Sam Tanenhaus interviewed the author for the New York Times' Book Review podcast's 3/27/09 episode (first 6 Minutes). Tower talks about how he came across the unforgettable foot detail (Minute 1:50) that he uses in one of the modern-day stories. He also reads the ending of the "Everything Ravaged, Everything Burned" story (Minute 4), so save this interview until after you've listened to the Guardian podcast, unless you like your stories spoiled.

Pillage and Publish
The New Yorker online has a print interview (no audio) with Tower, in which he discusses his research into the Vikings' "most ugly bits," the drastic editing changes he made to his stories after he sold the collection (talk about guts), and his literary influences. On a separate web page he talks about his Updike-like separation of fiction & nonfiction workspaces (photos here). The complete text of his story "Leopard," which is quite tame compared to the Vikings, is also available at the New Yorker's site.

Along with American writer Lionel Shriver (who lives in the UK), Tower was scheduled to discuss the future of the short story in Britain (!) at The Sunday Times Oxford Literary Festival on 4/5/2009, so I expect some more audio may turn up soon on the Times Online Books Podcast listing.

Robert Pinsky on Poetry's Aural Pleasures

Another anthology?! Published in Poetry Month? Yes.

As the owner of too many poem-bricks, I tried to resist Robert Pinsky's Essential Pleasures: A New Anthology of Poems to Read Aloud (with 21-poem CD), but I was o'eruled.  First I was intrigued by a lively 3/30/09 interview on WNYC's Leonard Lopate show (video excerpt at WNYC site, plus full audio at perishable iTunes link), in which Pinsky makes a convincing case for the fundamental need for verse that sounds good. The former U.S. Poet Laureate is quite funny when he demonstrates how not to read poetry--zombie style (my perennial peeve) or hambone.  As he says, "You have to go to school to get it messed up" (Minute 5:30).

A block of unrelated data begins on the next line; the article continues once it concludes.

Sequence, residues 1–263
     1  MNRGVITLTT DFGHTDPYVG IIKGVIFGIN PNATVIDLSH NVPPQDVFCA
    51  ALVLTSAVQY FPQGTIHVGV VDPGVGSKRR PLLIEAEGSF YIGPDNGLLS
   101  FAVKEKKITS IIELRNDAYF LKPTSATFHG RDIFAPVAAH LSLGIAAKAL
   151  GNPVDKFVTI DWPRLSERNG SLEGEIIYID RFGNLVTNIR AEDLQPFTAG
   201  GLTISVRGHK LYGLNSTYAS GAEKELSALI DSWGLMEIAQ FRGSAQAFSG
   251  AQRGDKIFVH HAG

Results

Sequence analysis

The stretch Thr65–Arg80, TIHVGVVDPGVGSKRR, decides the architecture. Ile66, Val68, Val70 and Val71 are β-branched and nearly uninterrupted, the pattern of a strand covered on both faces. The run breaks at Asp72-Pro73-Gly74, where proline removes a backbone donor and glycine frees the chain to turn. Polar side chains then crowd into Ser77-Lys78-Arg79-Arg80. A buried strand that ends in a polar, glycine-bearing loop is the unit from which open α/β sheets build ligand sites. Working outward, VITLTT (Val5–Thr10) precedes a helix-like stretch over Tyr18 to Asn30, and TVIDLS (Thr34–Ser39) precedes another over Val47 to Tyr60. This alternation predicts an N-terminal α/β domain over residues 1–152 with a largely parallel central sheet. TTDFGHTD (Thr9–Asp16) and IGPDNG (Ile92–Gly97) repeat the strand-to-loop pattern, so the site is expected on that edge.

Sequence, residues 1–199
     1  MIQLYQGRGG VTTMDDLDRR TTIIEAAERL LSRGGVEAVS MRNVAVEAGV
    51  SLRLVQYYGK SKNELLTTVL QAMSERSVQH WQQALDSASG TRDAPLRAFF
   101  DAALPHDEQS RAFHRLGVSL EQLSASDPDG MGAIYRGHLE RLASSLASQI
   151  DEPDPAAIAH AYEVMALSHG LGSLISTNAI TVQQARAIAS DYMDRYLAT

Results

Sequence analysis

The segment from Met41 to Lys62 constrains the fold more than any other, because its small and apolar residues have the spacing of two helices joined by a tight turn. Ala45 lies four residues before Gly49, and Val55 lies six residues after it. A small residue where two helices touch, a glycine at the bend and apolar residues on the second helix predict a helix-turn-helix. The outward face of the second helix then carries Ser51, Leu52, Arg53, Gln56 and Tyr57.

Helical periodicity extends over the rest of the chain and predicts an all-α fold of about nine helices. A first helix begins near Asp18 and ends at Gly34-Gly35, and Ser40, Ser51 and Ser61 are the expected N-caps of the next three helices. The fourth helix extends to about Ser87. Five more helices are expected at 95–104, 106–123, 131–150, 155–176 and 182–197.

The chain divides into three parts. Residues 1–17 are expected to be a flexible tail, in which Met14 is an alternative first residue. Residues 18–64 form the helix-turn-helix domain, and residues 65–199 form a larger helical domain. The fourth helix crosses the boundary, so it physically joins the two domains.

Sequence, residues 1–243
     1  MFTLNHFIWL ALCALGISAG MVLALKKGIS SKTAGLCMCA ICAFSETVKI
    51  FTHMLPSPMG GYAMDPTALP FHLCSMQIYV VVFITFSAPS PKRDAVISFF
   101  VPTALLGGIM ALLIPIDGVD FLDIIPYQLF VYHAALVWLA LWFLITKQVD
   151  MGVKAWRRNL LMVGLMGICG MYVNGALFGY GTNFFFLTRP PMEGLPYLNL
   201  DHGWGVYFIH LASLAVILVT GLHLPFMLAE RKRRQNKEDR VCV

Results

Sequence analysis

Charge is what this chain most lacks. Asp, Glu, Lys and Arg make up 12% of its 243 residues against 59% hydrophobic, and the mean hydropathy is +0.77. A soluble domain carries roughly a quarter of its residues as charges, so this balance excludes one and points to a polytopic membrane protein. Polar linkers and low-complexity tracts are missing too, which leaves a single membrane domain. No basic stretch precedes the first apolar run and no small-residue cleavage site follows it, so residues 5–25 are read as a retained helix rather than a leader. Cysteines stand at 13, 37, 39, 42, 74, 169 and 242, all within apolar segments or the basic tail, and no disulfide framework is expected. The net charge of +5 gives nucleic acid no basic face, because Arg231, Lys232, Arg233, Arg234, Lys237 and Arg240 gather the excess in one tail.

Beguiling Batches
I took some lucky dips into a copy of Essential Pleasures at Brookline Booksmith and found not a single dud. I was beguiled by the way Pinsky mixed up the centuries and organized the poems by type--i.e. "Short Lines, Frequent Rhymes," and "Odes, Complaints, and Celebrations." This book would make a good reference for any young person starting a library--it's unstuffy, expansive without being exhaustive, and it rewards randomness.

April is the Most Poetical Month
If you want to listen to some samples, W.W. Norton has posted audio links of Pinsky and others reading from Essential Pleasures here. They are also honoring Poetry Month with a hipster selection of their contemporary poets' audio here.

Not All Poems Are Impenetrable
Pinsky's selections are rich with wit and clarity, regardless of era. This poem, from the "Parodies, Ripostes, Jokes, and Insults" section, was written in the 17th century, but it's easy to understand in the 21st, particularly if you take into account the author's life experience: at the age of 16, English poet Katherine Philips left behind her contented virgin state to marry a 54-year-old Puritan parliamentarian. (Pinsky reads it on the CD included with the book, and at Minute 14:30 on the Lopate podcast):

A Married State
by Katherine Phillips (1631-1664)

A married state affords but little ease
The best of husbands are so hard to please.
This in wives' careful faces you may spell
Though they dissemble their misfortunes well.
A virgin state is crowned with much content;
It's always happy as it's innocent.
No blustering husbands to create your fears;
No pangs of childbirth to extort your tears;
No children's cries for to offend your ears;
Few worldly crosses to distract your prayers:
Thus are you freed from all the cares that do
Attend on matrimony and a husband too.
Therefore Madam, be advised by me
Turn, turn apostate to love's levity,
Suppress wild nature if she dare rebel.
There's no such thing as leading apes in hell.

Poor Mr. Philips! Though Mrs. Philips claimed she never meant to publish...